Demand for autos, planes energizes factory orders

U.S. factory orders rose strongly in July on the biggest jump in demand for autos in more than eight years and a surge in commercial airplane orders. The increase suggests supply chain disruptions created by the Japan earthquake crisis are easing.

Factory orders climbed 2.4 percent, the largest increase since March, the Commerce Department reported Wednesday. Orders for motor vehicles and parts rose 9.8 percent, the largest one-month gain since January 2003.

The increase followed a decline of 0.4 percent in June, one of several reports that stoked fears the country could fall back into a recession. Economists at RDQ Economics said the July gain suggests manufacturing will grow modestly.

Manufacturing has been one of the leading sectors since the recession officially ended two years ago. But higher energy prices and a parts shortage caused by the Japanese natural disasters slowed activity this spring. 

Netflix price hike expected to benefit Redbox the most

Netflix is giving Redbox a golden opportunity to gain some ground.

Beginning today, the largest U.S. video subscription service will hit its nearly 25 million U.S. subscribers with rate increases of as much as 60 percent. The sticker shock is expected to make Redbox, which rents DVDs for $1 per day through kiosks, even more enticing to movie lovers.

“We are very cognizant of the value of the dollar,” said Gary Cohen, Redbox’s senior vice president of marketing and consumer experience. “Redbox is all about simplicity, convenience and value.”

Netflix Inc.’s higher prices will drive business to video rental chain Blockbuster and other home entertainment rivals too, but none are better positioned to take advantage of the disruption than Redbox, said Wedbush Securities analyst Michael Pachter.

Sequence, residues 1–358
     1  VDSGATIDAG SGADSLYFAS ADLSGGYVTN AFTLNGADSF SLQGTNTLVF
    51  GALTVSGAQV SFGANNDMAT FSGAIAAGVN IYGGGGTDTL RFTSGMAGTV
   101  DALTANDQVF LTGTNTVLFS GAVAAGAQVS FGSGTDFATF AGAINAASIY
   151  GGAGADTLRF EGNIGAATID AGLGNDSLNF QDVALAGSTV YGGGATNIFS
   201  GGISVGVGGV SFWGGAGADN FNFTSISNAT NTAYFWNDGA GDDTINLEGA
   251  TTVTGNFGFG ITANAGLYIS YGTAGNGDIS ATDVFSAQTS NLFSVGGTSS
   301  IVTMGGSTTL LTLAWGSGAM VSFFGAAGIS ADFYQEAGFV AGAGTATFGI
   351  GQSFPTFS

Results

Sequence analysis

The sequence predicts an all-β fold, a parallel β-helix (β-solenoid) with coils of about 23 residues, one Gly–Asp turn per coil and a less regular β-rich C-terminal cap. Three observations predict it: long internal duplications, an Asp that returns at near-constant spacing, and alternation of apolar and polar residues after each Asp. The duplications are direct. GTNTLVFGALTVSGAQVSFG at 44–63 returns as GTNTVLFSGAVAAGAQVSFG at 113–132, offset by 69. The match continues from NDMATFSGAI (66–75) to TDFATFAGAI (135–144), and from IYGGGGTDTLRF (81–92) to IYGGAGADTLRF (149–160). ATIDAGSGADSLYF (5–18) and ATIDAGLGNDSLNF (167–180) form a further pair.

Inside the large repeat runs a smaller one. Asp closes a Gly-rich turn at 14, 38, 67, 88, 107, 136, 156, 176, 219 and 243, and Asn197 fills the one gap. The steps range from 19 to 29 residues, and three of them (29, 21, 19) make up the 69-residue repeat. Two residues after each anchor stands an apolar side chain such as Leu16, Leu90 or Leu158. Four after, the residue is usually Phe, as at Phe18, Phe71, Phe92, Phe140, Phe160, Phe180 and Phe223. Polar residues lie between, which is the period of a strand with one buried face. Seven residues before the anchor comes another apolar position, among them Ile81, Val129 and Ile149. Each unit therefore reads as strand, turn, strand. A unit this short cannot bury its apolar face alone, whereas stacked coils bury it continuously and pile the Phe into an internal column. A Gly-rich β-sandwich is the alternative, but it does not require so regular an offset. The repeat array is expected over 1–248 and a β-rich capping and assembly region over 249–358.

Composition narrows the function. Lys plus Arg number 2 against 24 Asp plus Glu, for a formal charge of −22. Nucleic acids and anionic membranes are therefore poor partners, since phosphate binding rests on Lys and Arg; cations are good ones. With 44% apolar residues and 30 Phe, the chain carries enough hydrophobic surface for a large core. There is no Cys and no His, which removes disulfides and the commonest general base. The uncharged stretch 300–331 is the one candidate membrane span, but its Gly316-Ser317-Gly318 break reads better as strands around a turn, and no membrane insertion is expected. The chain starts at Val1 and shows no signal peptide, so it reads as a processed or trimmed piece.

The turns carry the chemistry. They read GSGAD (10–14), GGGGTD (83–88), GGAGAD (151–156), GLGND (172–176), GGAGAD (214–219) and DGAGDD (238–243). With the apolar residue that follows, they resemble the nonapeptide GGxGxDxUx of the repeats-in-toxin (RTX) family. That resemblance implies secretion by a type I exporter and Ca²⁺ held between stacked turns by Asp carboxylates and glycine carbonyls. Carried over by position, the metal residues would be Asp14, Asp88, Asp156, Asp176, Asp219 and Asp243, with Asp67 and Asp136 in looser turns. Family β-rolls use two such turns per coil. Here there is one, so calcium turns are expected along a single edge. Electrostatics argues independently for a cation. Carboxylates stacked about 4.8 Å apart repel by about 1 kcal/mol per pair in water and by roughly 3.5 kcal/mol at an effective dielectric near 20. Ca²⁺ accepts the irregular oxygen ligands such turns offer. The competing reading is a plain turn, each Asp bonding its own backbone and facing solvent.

That’s because millions of people are expected to keep paying for a Netflix service that streams video over high-speed Internet connections, but will look for other places to rent DVDs at a low price. Two-thirds of the U.S. population now lives within a five-minute drive of a Redbox vending machine. 

Illegal trader who netted $11 million gets five years

A Connecticut hedge fund worker who made more than $11 million through illegal trades was sentenced Wednesday in New York to five-and-a-half years in prison.

The judge in Manhattan federal court declined to be lenient with Craig Drimal for his role in the biggest hedge fund insider-trading case in history. U.S. District Judge Richard Sullivan said Wall Street wasn’t getting the message that insider trading is serious and can ruin careers and result in long prison terms.

Drimal was among more than two dozen hedge fund workers and corrupt employees of public companies convicted in a scheme that prosecutors say reaped more than $50 million in profits.

He was caught in a phase of the federal investigation that found several securities traders relying on tips from two corrupt lawyers at a Manhattan law firm who had information about pending mergers and acquisitions.

Drimal pleaded guilty in April. He said he is “deeply sorry.” 

Steuben Glass stops making lead crystal after 108 years

The Ohio owner of luxury and art glass maker Steuben Glass is ending production of handcrafted lead crystal in western New York after 108 years.

Schottenstein Stores Corp. of Columbus, Ohio, bought the business from longtime owner Corning Inc. in 2008. Schottenstein said Wednesday that declining sales in the choppy economy have been eroding Steuben Glass’ profitability. The Steuben Glass store in New York City will remain open until its inventory, from wine glasses to ornamental art, is sold.

The brand’s only factory, which employs 60 people in Corning, will close Nov. 29.

— From news service reports